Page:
Telling Yourself the Truth
Your only real hope of fixing your situation, of improving your ability to start, maintain, and keep good relationships, is first to acknowledge that your current relationship just doesn’t work. That’s the crucial first step. You may feel it’s okay here, it’s fine there, occasionally great to good. Maybe you feel like your situation is in the shit. Either way you need to throw out the old and create the new.
Unfortunately, many of us are like that person who has a slight leak in their tire. Instead of getting it repaired or replaced, like a functional human being, they stop by the gas station every morning on their way to work, put some more air in the tire, and say it’s working. In reality, it’s “working” just enough to get you to work, silently leaking air with every rotation, every mile. The air is seeping out into the ether, little by little by little. Tomorrow morning or the next or the next, you’ll go through the same silly little ritual of refilling that tire, “fixing” it for another day.
All the while, it could easily be solved, finally taken care of, but you can’t even get to that point until you finally admit that what you have, what you’re doing, just ain’t it. Even if you’re making it work, there has to be better than that, surely?
As Kierkegaard once said, “People settle for a level of despair they can tolerate and call it happiness.”
You Can’t Always Believe What You Believe
Contrary to popular myth, you are not guided by your view, you are imprisoned by it. And your view is the one thing you’ll fight tooth and nail for, even when it’s bullshit and destroying your finances, your health, your family, career, or, in this case, your relationship.
You see, at some level it just has to be our way because the alternative would require us to let go of something, some idea or notion that we have held on to for so long, life without it seems unimaginable. This book might then seem like an assault on some of those items for you. And that’s okay. But
your addiction to being right about what you believe can be the biggest wrecking ball to what you want, whether you see it or not.
When it comes to relationships, you’d rather have your view over having love.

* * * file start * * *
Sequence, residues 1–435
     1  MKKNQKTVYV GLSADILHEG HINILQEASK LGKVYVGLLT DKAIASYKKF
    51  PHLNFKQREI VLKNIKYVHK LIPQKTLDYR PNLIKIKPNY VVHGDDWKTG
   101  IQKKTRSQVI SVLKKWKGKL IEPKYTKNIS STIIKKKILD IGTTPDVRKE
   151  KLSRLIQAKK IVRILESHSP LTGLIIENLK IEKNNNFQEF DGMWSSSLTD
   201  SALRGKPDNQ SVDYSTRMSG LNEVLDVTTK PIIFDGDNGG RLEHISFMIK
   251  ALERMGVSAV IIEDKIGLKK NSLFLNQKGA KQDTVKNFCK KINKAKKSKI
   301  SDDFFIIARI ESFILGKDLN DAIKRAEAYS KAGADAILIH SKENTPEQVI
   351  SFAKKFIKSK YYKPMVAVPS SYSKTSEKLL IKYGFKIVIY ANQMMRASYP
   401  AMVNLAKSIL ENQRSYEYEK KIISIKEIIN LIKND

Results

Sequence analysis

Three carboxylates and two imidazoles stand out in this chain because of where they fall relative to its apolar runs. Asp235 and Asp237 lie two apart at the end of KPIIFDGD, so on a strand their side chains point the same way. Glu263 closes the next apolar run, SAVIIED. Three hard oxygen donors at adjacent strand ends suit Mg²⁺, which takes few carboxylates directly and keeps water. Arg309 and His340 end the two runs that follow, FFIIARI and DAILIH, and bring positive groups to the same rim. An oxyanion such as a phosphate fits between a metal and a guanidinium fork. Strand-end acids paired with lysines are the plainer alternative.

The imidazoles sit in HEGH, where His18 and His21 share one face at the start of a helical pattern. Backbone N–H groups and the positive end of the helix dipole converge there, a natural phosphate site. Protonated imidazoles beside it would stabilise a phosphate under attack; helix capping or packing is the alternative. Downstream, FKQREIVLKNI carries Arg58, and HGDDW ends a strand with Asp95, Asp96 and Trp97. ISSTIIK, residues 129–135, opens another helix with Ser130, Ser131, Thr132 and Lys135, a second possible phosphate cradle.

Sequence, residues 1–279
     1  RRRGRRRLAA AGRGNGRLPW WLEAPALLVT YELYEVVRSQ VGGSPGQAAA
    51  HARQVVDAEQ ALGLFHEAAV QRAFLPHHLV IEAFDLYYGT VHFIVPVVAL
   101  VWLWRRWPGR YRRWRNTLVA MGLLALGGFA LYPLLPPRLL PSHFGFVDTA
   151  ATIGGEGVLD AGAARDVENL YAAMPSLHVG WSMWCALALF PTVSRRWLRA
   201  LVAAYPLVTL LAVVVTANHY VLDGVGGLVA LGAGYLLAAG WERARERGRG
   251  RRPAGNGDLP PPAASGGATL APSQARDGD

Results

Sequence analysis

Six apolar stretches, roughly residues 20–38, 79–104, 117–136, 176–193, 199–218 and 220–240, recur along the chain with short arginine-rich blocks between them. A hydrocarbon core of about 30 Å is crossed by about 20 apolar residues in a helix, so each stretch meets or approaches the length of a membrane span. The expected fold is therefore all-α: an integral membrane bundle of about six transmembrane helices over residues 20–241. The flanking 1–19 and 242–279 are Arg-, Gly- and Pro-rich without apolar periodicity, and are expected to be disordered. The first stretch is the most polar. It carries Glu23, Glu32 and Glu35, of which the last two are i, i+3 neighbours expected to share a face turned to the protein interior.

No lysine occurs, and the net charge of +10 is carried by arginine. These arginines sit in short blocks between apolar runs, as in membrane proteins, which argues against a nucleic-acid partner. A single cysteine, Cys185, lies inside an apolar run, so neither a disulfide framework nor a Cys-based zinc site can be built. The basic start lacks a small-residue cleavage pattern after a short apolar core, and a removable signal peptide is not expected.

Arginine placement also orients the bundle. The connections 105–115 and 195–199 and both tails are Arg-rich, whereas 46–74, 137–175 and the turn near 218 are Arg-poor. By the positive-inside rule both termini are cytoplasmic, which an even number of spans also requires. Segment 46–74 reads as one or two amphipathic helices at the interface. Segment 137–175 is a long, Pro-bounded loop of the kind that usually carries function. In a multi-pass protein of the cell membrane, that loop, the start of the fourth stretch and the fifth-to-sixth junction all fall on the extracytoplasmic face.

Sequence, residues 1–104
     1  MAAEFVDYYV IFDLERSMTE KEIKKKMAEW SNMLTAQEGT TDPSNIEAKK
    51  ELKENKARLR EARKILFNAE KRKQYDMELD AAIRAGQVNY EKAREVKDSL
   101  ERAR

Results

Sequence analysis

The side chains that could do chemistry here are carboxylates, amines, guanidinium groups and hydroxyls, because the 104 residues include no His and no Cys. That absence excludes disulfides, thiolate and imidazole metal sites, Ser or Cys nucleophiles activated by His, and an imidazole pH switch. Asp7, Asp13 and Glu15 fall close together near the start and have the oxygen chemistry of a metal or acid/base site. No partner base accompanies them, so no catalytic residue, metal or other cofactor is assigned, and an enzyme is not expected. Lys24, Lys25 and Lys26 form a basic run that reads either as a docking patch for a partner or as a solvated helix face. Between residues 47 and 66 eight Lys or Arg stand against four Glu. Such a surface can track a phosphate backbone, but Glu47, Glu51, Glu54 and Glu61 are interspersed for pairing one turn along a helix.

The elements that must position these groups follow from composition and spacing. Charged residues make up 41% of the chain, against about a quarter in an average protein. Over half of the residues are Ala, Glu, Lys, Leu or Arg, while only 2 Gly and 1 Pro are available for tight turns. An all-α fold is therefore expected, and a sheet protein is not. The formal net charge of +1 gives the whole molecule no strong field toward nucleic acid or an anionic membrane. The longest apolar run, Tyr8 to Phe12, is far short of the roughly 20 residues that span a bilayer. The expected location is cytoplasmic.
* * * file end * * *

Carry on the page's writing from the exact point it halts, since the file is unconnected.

Taking On the Self
When we start a new relationship, we become so besotted by the future, of our having finally found “the one” (person, situation, or answer), we indulge that rush of emotional hopefulness and plunge right in.
This initial phase is the time when we have gone through the internal arguments about whether we want to be in a relationship versus staying single. Is this person the one for you? Check. You’ve pondered how this relationship will affect the rest of our life, both positively (definitely) and negatively (somewhat). Check. You’ve cobbled together a wispy plan in your mind’s eye about money and passions and where you’ll live, and it’s all picture perfect. Check, check, check, check, CHECK!
And it’s all laid out before you except for the elephant in the room. You.
And that’s step one to managing yourself: being aware. Being completely aware of all the things you typically do that cause problems in your relationships and continually seeing the new ways that those traits present themselves. You see, most people rarely go beyond the point of explanation when it comes to themselves. The ability to consistently recognize your personal theme music, particularly when it seems like it’s someone else’s tune you’re being irritated by.
Can You Feel It?
Back in the day, you relied upon what your partner said, just like now, but here’s the kicker . . . so did they. The importance of what they said to you was just as significant (maybe even more so) to them as it was to whichever ears their words fell upon. The gravity of words was final. Now, of course, it wasn’t all rosy and perfect back then either, but nonetheless the dynamic was decidedly different from the one we wrestle with nowadays. Don’t mistake what I’m saying here as some kind of homage to the “good old days” because there were no “good old days.” We’ve improved dramatically in so many ways and the world is now a much safer, more prosperous, and healthier place than, say, three hundred years ago, but we can certainly look back to those times to mine for the kind of gems that could empower us in dealing with the complications of a modern life.